Manju Bhatia: Recovering Loans, the Painless Way

Manju Bhatia's women-only recovery agency is effective, not aggressive

Published: Feb 15, 2014

The financial markets generate a lot of number on a per second basis. There are people who have made it a profession to convert this information into trends, buy-sell signals, charts and pivot tables. Over the last 18 years of financial journalism, I have realised that every number has a story to tell. And these numbers as a trend normally never lie. I am forever looking for these trends.

Manju Bhatia: Recovering Loans, the Painless Way
Image: Prasad Gori for Forbes India

Manju Bhatia | 27
Joint MD, Vasuli Recovery

CATEGORY: FINANCE

Manju Bhatia’s narrative could be straight out of a Dibakar Banerjee movie: A woman throws acid at a recovery team in Aurangabad, to keep the bank from possessing her house; a family of four generations pleads with her for more time to repay its loans; the property of small businessmen who cannot settle their debts gets auctioned.

The gutsy protagonist, Bhatia (27), is the joint managing director of Adhikrut Jabti Evam Vasuli, or, simply Vasuli Recovery, which helps track loan defaulters and conducts recovery operations. What’s new, you may ask. She runs an agency that hires only women as recovery agents.

This is almost counter- intuitive. Recovery agencies are dominated by men who are known to be brutal; they visit defaulters and almost scare them into paying up. But Bhatia feels that women are best-placed to facilitate recovery. “I think people are ready to listen to us and that makes all the difference. Male recovery agents have an aggressive image in the minds of the defaulters. Their immediate reaction is to hit back,” says Bhatia, who experienced her first taste of recovering debts when she was barely 16; she helped SBI follow up with a known politician who had forgotten to repay personal loans.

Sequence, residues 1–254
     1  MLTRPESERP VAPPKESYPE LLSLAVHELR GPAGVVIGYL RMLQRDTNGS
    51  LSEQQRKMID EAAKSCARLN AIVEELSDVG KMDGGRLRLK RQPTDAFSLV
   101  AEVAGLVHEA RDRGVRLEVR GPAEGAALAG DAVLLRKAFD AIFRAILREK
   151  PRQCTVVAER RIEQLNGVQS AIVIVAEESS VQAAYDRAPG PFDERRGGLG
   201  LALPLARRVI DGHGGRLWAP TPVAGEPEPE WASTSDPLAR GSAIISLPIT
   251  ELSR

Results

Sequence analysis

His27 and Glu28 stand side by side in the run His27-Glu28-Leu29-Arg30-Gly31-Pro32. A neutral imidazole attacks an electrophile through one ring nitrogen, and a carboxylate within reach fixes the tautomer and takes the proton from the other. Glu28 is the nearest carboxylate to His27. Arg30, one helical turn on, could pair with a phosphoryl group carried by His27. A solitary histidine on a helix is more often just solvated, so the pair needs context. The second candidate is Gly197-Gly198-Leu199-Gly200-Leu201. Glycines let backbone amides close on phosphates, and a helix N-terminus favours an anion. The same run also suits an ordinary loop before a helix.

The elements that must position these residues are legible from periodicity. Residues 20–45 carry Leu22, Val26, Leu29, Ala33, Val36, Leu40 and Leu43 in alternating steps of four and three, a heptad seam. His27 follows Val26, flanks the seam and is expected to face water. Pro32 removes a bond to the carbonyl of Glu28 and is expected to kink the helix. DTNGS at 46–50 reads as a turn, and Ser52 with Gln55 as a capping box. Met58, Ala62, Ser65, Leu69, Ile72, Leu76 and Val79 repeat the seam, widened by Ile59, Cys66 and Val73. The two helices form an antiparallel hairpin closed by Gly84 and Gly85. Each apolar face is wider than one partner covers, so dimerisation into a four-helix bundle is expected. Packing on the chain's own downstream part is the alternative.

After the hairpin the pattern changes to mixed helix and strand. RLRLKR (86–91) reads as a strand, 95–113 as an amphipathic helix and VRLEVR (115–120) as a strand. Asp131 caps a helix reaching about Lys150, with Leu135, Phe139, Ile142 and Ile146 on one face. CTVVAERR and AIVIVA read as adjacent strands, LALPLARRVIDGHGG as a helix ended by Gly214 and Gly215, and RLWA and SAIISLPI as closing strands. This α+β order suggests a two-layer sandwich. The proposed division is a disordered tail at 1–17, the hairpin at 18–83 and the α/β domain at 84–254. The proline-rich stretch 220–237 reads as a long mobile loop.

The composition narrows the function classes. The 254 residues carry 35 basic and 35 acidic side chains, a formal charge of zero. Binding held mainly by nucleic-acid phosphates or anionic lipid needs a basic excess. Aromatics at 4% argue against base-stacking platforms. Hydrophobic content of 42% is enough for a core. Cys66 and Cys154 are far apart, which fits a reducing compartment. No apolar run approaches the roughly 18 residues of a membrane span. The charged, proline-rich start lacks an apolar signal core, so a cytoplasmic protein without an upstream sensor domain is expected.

Bhatia realised that with proper communication and transparency from the bank, most of these problems could be avoided.
 
She started Vasuli in 2003 with three agents. Today she has a topline of around Rs 6 crore and 200 agents in different cities. Vasuli works only with public sector banks (PSB) because Bhatia finds private sector banks lacking in empathy. PSBs, on the other hand, understand the customer and are always willing to give them another chance. “They look at customers as a long-term relationship and are very considerate in dealing with them,” she says.

“Even I was a little sceptical initially. But Bhatia is a bold girl. She has taken this business of recovery to another level where you don’t require aggressiveness at all. She handles it with decency and communication,” says OP Dua, general manager, Union Bank of India who has been working with Vasuli since 2006.

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Bhatia has offices in almost all Indian cities. So, which is the worst when it comes to recovery? “You might be surprised, but it is Chennai,” she says. 

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(This story appears in the 21 February, 2014 issue of Forbes India. You can buy our tablet version from Magzter.com. To visit our Archives, click here.)

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  • Paras Shah

    Work speaks itself,

    on Feb 21, 2014
  • Rahul Somani

    \"LADY DON\"....!!!!

    on Feb 17, 2014
    • Prakruti Shah

      Ya, Robin hood. A person with chivalry and dignity and maybe lady Don for cheaters and defaulters...

      on Dec 5, 2014
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